The fascinating Mily Doll - A foreword and text by BillyBoy*
I started collecting Mily in the mid 1970s and by the early 1980s, when she still could be found in some stores in France which is no longer the case for many years. My interest in collecting and studying the history of fashion dolls, notably the Barbie doll, naturally led me to meet the fascinating Mily. I certainly was the first person ever to take this historic French fashion doll seriously and write about her. This article was published in English language by DOLLS magazine in April, 1991 and it was the very first ever article on Mily by Gégé. Since then, notably after the year 2003, a few other articles appeared,notably in the magazine for toy collectors called La Vie du Jouet in France, using this article as the basis of these recent articles and also, since that time, Mily started being taken a bit more seriously as a collectible fashion doll, who up to that point was simply ignored and treated as a cheap Barbie doll clone. This article was up-dated in regards to the collectibility of Mily in the year 2004. It is published again in the new site of the Fondation Tanagra with new photographs and documents for all these who have an interest in fashion dolls, fashion and sociology.
Graphism and editing: Lala J.P Lestrade
Catalogue "Toys and Gifts" from the Galeries Lafayette department stores in Paris, 1965.
A dream kitchen, perfect for Mily.
What is Rhodoïd?
Created by the French industrial firm Rhône-Poulenc around 1971, the Rhodoïd is atrade name used for a cellulose acetate based plastic, transparent and nonflammable. Its name is a contraction of Rhône-Poulenc and celluloïd.
The Rhodoïd is used to make all kinds of objects which demand a transparent material and which also is not easy to burn, for security reasons. Many dolls for example were made in this material. ("Rhodoïd", Wikipedia)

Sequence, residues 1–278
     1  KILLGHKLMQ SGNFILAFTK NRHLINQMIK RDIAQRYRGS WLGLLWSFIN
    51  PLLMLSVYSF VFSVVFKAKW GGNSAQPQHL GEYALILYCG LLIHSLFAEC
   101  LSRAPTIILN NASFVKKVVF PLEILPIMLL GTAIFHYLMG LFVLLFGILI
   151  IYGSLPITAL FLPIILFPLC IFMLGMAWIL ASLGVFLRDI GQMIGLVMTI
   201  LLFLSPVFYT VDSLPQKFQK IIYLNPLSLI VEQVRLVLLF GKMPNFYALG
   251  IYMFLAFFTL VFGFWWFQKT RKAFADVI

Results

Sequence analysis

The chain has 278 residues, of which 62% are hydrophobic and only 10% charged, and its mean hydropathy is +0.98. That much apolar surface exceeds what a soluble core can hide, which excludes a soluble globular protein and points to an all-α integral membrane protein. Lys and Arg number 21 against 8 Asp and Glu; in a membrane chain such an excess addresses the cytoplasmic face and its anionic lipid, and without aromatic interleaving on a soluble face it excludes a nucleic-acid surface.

The lovely Mily, very chic in the morning, as in Mily's catalogue
and here in the Mdvanii Boutique, Paris, 1989, photographed by BillyBoy*.
Mily, "the marvelous Ambassadrice of French charm and distinction"
“Chic...Grace...Elegance” were the words used by the French doll company Gégé to introduce their Mily doll in France in the early 1960s. Mily, an eleven and a half inch high fashion doll (known in French as a poupée mannequin), was a leader on the french doll scene from her debut in 1964-65 until just after 1972 when Mattel, France was formed and Barbie doll became too formidible a competitor.
Gégé, a French company founded in 1933, was so named for the two first initials of the founder, Germain Giroud. The first offices and factory were in Moingt near Montbrison in the Loire Valley.
Germain Giroud moved to Moingt in order to establish a home furnishings and upholstery fabric business. This new business, named GéGé, decided to use the end cuttings and scraps of left over fabrics to make doll’s clothes, as by 1933 in France the Great Depression had finally become a European disaster and every means possible to make and sell things was used, nothing was left to waste, fabrics and scraps of wood, which were turned into toys. Two years later, their first all-clothe dolls were designed and made by the firm. These doll’s were sold on the fairgrounds of circuses and carnivals called “fêtes foraines” in French language.
Despite the war of 1939-45, the workshops in Moingt did not cease to grow and they added to their line of doll’s clothes and playthings the now well-known dolls of the 1920s and 30s called “boudoir dolls” or better known in French language as “poupées de salon”. They were so successful they opened a saleroom and a shop which eventually lead to the creation of their factory.